However, I agree with the pp who said it isn't their first choice for a mathy kid. Unless I was prioritizing independence (because it rocks at independence), I wouldn't choose CLE for a mathy kid. There are so many awesome programs that aren't as overkill in review and are better conceptually that CLE isn't my first choice for my other children who are more naturally inclined.  CLE will definitely get the job done, though.

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My kids have been using CLE math for several years. I was getting worried when I kept reading about everyone's concern with CLE's word problems. I always thought they seemed like excellent preparation for real-world math skills. But, I second-guessed myself and got Singapore's Challenging Word Problems to reinforce conceptual math. My kids breezed right through CWP (they are not "mathy") and instead of using some of the suggested problem solving skills they went back to the way they were taught with CLE to solve the problem. I was thrilled!! So happy to consistently be reassured that CLE is the right choice for us.

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I have very math-inclined kids, and CLE has been perfect for us.  All 3 of my kids are working one grade level ahead of where they are, but they are doing well.  They have had no problems solving Singapore's CWP either.  I love that CLE is  99% self-taught!

 

For the record, all 3 of my kids have scored in the 99th percentile on the ITBS math section each year that they have taken it.  They have yet to miss a single math problem on the ITBS.  I couldn't be happier with the program.

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I use MEP, but jumped from MEP 3a to CLE 400 series last semester for my son. It was for a temporary season of life where I was having to tend to family things. I knew I wouldn't have time to teach MEP for a few months. My son loved CLE! Except he does multi digit operations from left to right instead of with right to left traditional borrowing and carrying, so that was a minor issue. I was going to use CLE for my younger daughter for that season, but knowing I wanted to go back to MEP this school year, I didn't want her to learn multi digit addition and subtraction the CLE way. MEP teaches that completely differently. Instead, I just kept plugging away at year 1 MEP lessons for her at a slower pace.

 

MEP can be a bit too conceptual and in depth. CLE is nice to cover things in a simple, thorough, straight forward way. It was like a breath of fresh air doing CLE for a season. My son wants to continue with CLE, but he is super mathy and obsessed wih numbers. I feel MEP is a better fit for him as long as I am able to keep up with the lessons. My plan is for him to finish out the CLE 400 workbooks after he completes MEP year 3b to give him a break before starting MEP year 4. Admittedly, I will get a break as well because MEP is teacher intensive. I love CLE because it is spiral, thorough, and is written to the student. I had some good math teachers through my school years and I loved math class. CLE covers things just as I remember being taught in school. I now prefer the MEP program to traditional US math, but will switch to CLE in a heartbeat if MEP doesn't work for the long haul.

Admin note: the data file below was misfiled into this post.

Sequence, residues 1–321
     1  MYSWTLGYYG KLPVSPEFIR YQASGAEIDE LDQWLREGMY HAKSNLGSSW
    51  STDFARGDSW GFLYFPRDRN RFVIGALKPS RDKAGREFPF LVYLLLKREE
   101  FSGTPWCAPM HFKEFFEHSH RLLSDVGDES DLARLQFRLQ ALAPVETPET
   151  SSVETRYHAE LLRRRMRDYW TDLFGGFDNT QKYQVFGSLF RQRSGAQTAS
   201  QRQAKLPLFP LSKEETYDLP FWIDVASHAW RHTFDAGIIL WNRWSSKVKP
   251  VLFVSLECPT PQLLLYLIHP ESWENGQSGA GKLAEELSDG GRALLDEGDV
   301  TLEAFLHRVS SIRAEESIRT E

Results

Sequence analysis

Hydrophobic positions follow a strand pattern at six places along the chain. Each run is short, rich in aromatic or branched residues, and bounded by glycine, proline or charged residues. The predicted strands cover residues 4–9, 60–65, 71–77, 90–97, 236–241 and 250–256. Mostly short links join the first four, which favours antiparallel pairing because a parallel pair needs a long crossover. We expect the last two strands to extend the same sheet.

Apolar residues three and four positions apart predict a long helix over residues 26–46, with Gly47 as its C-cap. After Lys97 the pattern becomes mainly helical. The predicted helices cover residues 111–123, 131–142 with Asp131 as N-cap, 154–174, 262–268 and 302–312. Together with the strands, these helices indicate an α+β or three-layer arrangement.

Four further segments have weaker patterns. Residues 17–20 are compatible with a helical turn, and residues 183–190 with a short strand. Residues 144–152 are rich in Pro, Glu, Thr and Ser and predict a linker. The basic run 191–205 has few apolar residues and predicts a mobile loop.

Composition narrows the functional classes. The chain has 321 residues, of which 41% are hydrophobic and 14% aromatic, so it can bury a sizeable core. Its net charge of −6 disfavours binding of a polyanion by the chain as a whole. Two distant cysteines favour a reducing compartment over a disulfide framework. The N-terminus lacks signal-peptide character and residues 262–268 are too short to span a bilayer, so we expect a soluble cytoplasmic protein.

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My oldest son started out with Math Mammoth, then Singapore, followed by AoPS. When the next kid came along, he used Singapore for K and grade 1, but then I realized that he needed more daily review of certain topics (like time and money), plus he needed more math fact drill. So I switched him to CLE 200. He's just starting the 400 level and doing great with it. We are at a point where I am having to cut out some review problems, as a PP mentioned, but I just see where he is and what he needs. Sometimes he needs more practice, and sometimes he needs less. He is a mathy kid, but has attention issues. CLE has been a great fit for him, and he now knows his math facts forward and backward. I cut out the speed drills recently, as he had demonstrated that he didn't need them right now.

 

Third kid is Mr. Independent, so I let him do Singapore Essential Math K when he was 4, and he used CLE 100 in K. He's now in 1st grade and about halfway through CLE 200. He loves that he can do math without Mama. :tongue_smilie: The only issue we had with it was that the word problems were in the TM only for the first half of 100 level. He was so happy when the word problems moved to the student text and he didn't have to wait for me to get the TM out. ;)